Fort Worth has recycling facilities that accept glass bottles and soda cans along with thrift stores that accept used clothing. But what about leftover food?
Miguel Harth-Bedoya, director of the Fort Worth Symphony Orchestra and internationally acclaimed conductor, orchestrated a service that would allow him and other residents to compost food waste.
Harth-Bedoya teamed up with small-business owner and family friend Johanna Calderón to create Cowboy Compost in July.
Cowboy Compost aims to raise awareness about organic waste and recycling and divert food waste away from the only landfill in Fort Worth, said Harth-Bedoya.
Fort Worth’s Southeast Landfill, which is the size of about 170 football fields, will be completely full in 25 years, said Jane Berry, operations supervisor of the landfill.
Berry said the landfill takes in 3,000 tons a day, which amounts to 240,000 full bags of trash.
Cowboy Compost helps divert waste away from the landfill, said Harth-Bedoya. Employees pick up residential and commercial food waste from around Fort Worth and inspect the waste to ensure it is free of contaminants before transporting it to a composting facility.
Harth-Bedoya said food waste includes anything that isn’t eaten, such as fruit and vegetable peels and cores, leftover pizza crust or fat from meat.
Harth-Bedoya said he arranged for facilities including Silver Creek Materials and Meyer Materials to accept food waste into their composting process. Those facilities convert the food waste into soil that can then be used to grow more food, he said.
Harth-Bedoya said this process creates a circular, sustainable system.
“So by doing this, now I’ve created the option of recycling, basically, because compost is recycling,” Harth-Bedoya said.
In his own household, Harth-Bedoya said he reduced the amount of waste that would normally go to a landfill by 90 percent.
How it all began
Cowboy Compost’s first customers were the musicians of the Fort Worth Symphony Orchestra.
In a test to determine the effectiveness of the service, Harth-Bedoya brought his colleagues airtight buckets and instructions for what could be composted and what could not.
His colleagues would then bring him their buckets filled with organic waste each week.
Harth-Bedoya said the results of this pilot program were impressive.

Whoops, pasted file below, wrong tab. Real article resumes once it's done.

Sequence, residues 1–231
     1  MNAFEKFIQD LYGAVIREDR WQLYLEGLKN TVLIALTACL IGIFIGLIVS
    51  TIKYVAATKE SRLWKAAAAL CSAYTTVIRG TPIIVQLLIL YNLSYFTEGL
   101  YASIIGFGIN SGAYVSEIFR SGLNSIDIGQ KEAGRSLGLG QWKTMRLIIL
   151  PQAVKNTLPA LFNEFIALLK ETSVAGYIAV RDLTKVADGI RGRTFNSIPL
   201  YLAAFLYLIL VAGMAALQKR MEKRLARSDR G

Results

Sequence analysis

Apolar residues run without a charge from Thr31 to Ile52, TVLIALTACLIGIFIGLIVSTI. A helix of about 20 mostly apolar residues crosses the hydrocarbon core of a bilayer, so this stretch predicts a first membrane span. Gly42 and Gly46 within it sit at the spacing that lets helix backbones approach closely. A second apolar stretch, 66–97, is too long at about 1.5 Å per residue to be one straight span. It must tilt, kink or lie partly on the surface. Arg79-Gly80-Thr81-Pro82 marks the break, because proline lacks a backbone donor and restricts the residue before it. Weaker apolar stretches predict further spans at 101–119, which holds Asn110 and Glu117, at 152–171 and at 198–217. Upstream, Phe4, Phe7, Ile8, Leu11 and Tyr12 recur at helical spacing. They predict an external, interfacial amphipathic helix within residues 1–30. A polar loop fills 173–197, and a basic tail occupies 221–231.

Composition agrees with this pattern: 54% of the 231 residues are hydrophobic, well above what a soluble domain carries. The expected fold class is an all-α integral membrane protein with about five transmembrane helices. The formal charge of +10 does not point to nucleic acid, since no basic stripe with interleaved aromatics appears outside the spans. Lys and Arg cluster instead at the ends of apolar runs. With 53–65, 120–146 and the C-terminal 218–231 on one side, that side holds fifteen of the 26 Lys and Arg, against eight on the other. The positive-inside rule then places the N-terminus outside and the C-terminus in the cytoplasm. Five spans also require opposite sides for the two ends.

“The data that we came up with was in the thousands of pounds that could have gone to garbage,” he said. “And that is when I realized, wow. Every single person, one little bit at a time, gets up in the thousands of pounds.”
Harth-Bedoya said he shared this data with the city of Fort Worth, which encouraged his efforts.
“And they were so, you know, impressed that this was a need, so they sort of gave me basically validity to go ahead and get this started,” he said.
Cowboy Compost customers
Since Cowboy Compost opened in July, its co-owners Harth-Bedoya and Calderón have seen the company expand its service from friends to social media followers, wrote Calderón, the company’s general manager.
Cowboy Compost services include residential compost pickup at $7.50 per bucket, community composting that could be applied to a workplace or dormitory, restaurant compost pickup and Zero Waste parties, according to its website.
Pickups take place once every two weeks, said Pete Smith, operations director of Cowboy Compost.
Harth-Bodeya said Cowboy Compost is more than a service: it’s satisfaction.
“You have satisfaction that you are actually doing something that matters,” he said. “….Because it feels so great, you know that you look at your trash cans and they are almost empty, there’s nothing.”
The only restaurant currently on Cowboy Compost’s pickup route is Z’s Cafe, which is co-owned by Texas Christian University alumnus Carlo Capua.
Z’s Cafe started using Cowboy Compost’s service about two months ago, said Capua.
Capua said placing food waste in buckets creates a cleaner restaurant environment.
“Instead of going in our dumpster, it’s going in here so it’s being put to good use; it’s creating less trash; and over all it just, it makes the place–it helps with the smell, it helps with the size of the dumpster that we’re going to use,” Capua said.
Capua said he may be able to get a smaller dumpster for the non-organic trash, since so much food waste is now being picked up for composting.
The big picture
While Harth-Bedoya is raising awareness about waste using his celebrity platform in music, the city of Fort Worth is examining how it can utilize emerging technologies to improve waste diversion, according to its website.
Fort Worth’s new 2016-2036 Comprehensive Solid Waste Management Plan aims to divert 40 percent of the city’s waste away from landfills and toward alternative disposal methods such as recycling and composting, according to the website.
Statistics on the city’s website show the amount of waste diverted from landfills grew from 7 percent in 2003 to 24 percent in 2013. Two-thirds of that waste is commercial, and one-third is residential.
The city’s last waste management plan in 1995 was outdated and did not account for new technologies, according to the website.
For Harth-Bedoya, waste diversion is less about numbers and more about sharing the satisfaction of contributing to a specific environmental practice in a specific location–composting in Fort Worth.
“I’m not asking people to fix the world’s environment because you can’t,” Harth-Bedoya said. “By not throwing something [away] you can’t fix the problems of Brazil’s pollution. But you can have an impact on pollution and garbage in Fort Worth.”